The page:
Chiwetel Ejiofor

Chiwetel Umeadi Ejiofor[2] CBE (/ˈtʃuːətɛl ˈɛdʒioʊfɔːr/ CHOO-ə-tel EJ-ee-oh-for;[3] born 10 July 1977[2]) is a British actor.[4] He is the recipient of various accolades, including a BAFTA Award, a Laurence Olivier Award, a NAACP Image Award, and nominations for an Academy Award, two Primetime Emmy Awards, three Screen Actors Guild Awards and five Golden Globe Awards.

After enrolling at the National Youth Theatre in 1995 and attending the London Academy of Music and Dramatic Art, at age 19 and three months into his course, Ejiofor was cast by Steven Spielberg to play a supporting role in the film Amistad (1997) as James Covey.[5]

Ejiofor portrayed the characters Okwe in Dirty Pretty Things (2002), Lola in Kinky Boots (2005), Victor Sweet in Four Brothers (2005), The Operative in Serenity (2005), Thabo Mbeki in Endgame (2009), Darryl Peabody in Salt (2010), Solomon Northup in 12 Years a Slave (2013), Vincent Kapoor in The Martian (2015), Karl Mordo in Doctor Strange (2016) and Doctor Strange in the Multiverse of Madness (2022), and Trywell Kamkwamba in The Boy Who Harnessed the Wind (2019). He voiced Dr. Watson in Sherlock Gnomes (2018) and Scar in the 2019 remake of The Lion King and featured in the fantasy film Maleficent: Mistress of Evil.[6] For 12 Years a Slave, he received Academy Award and Golden Globe Award nominations, along with the BAFTA Award for Best Actor. He was nominated for a 2014 Primetime Emmy Award for Outstanding Lead Actor in a Limited Series or Movie for his performance on Dancing on the Edge.[7] In 2022, he played the lead role in the Showtime science fiction television series The Man Who Fell to Earth.

In 2008, he was appointed Officer of the Order of the British Empire by Queen Elizabeth II for services to the arts.[8] He was elevated to Commander of the Order of the British Empire in the 2015 Birthday Honours.

Early life
Ejiofor was born on 10 July 1977 in Forest Gate, London, to middle-class Nigerian parents of Igbo descent.[10][11][12] His father, Arinze, was a doctor, and his mother, Obiajulu, was a pharmacist. His younger sister, Zain, is a CNN correspondent.[13] His other sister Kandi is a GP doctor.

In 1988, when Ejiofor was 11, during a family trip to Nigeria for a wedding, he and his father were driving to Lagos after the celebrations when their car was involved in a head-on crash with a lorry. His father was killed, and Ejiofor was badly injured, receiving scars that are still visible on his forehead.[14][15]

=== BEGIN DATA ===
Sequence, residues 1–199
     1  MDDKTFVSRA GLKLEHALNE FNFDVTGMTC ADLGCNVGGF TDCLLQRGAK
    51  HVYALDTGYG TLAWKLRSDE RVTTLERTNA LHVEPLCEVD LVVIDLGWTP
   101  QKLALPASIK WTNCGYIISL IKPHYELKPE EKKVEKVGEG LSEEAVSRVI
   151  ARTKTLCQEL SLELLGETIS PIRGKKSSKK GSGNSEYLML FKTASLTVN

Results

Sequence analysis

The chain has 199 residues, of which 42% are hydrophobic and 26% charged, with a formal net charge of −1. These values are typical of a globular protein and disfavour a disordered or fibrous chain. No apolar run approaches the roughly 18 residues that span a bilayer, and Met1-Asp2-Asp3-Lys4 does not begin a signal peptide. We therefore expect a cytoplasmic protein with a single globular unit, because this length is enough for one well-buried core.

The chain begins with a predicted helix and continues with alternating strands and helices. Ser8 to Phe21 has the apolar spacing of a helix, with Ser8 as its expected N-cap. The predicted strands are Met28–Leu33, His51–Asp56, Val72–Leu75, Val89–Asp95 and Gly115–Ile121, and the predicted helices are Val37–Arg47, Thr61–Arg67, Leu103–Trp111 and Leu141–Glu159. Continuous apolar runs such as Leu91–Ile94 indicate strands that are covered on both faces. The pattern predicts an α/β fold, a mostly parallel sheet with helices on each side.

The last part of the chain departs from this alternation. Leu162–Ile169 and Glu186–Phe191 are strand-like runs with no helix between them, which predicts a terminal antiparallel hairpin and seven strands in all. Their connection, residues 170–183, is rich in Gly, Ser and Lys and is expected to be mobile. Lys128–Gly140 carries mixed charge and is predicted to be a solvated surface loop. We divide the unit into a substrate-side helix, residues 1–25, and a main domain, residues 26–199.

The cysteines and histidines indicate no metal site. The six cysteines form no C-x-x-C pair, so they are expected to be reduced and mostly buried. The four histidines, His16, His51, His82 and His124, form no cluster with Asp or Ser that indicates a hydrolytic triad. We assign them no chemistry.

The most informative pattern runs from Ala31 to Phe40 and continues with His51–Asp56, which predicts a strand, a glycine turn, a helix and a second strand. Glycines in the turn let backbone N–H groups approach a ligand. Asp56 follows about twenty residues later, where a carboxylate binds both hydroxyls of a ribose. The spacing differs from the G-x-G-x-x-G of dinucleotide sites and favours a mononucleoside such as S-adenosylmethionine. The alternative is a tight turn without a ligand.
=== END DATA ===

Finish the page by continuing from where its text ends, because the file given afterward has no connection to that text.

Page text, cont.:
Ejiofor began acting in school plays at his junior school, Dulwich Prep London (known at the time as ‘Dulwich College Preparatory School’), where he played the gravedigger in William Shakespeare’s Hamlet. He continued acting at his senior school, Dulwich College and joined the National Youth Theatre. He got into the London Academy of Music and Dramatic Art but left after his first year, after being cast in Steven Spielberg’s film Amistad. He played the title role in Othello at the Bloomsbury Theatre in September 1995, and again at the Theatre Royal, Glasgow, in 1996, when he starred opposite Rachael Stirling as Desdemona.

1996–2007: Career beginnings and early recognition
Ejiofor made his film debut in the television film Deadly Voyage (1996).[16] He went on to become a stage actor in London. In Steven Spielberg’s Amistad,[16] he gave support to Djimon Hounsou’s Cinque as interpreter Ensign James Covey. In 1999, he appeared in the British film G:MT – Greenwich Mean Time. In 2000, he starred in Blue/Orange at the Royal National Theatre (Cottesloe stage), and later at the Duchess Theatre. That same year, his performance as Romeo in William Shakespeare’s Romeo and Juliet was nominated for the Ian Charleson Award. Ejiofor was awarded the Jack Tinker Award for Most Promising Newcomer at the Critics’ Circle Theatre Awards in 2000. For his performance in Blue/Orange, Ejiofor received the London Evening Standard Theatre Award for Outstanding Newcomer in 2000 and a nomination for the Laurence Olivier Award for Best Supporting Actor in 2001.[17]

Ejiofor had his first leading film role playing Nicky Burkett in Jeremy Cameron’s It Was an Accident (2000). In 2002, he starred in Dirty Pretty Things,[16] for which he won a British Independent Film Award for best actor. In the following year, he was part of the ensemble cast of Love Actually,[16] starred in a BBC adaptation of Chaucer’s The Knight’s Tale and also starred on the BBC series Trust. Also in 2003, he starred in the lead role of Augustus in the radio production of Rita Dove’s poetic drama “The Darker Face of the Earth”, which premiered on the BBC World Service on 23 August of that year, marking the International Day for the Remembrance of the Slave Trade and its Abolition. He starred alongside Hilary Swank in Red Dust (2004), portraying the fictional politician Alex Mpondo of post-apartheid South Africa.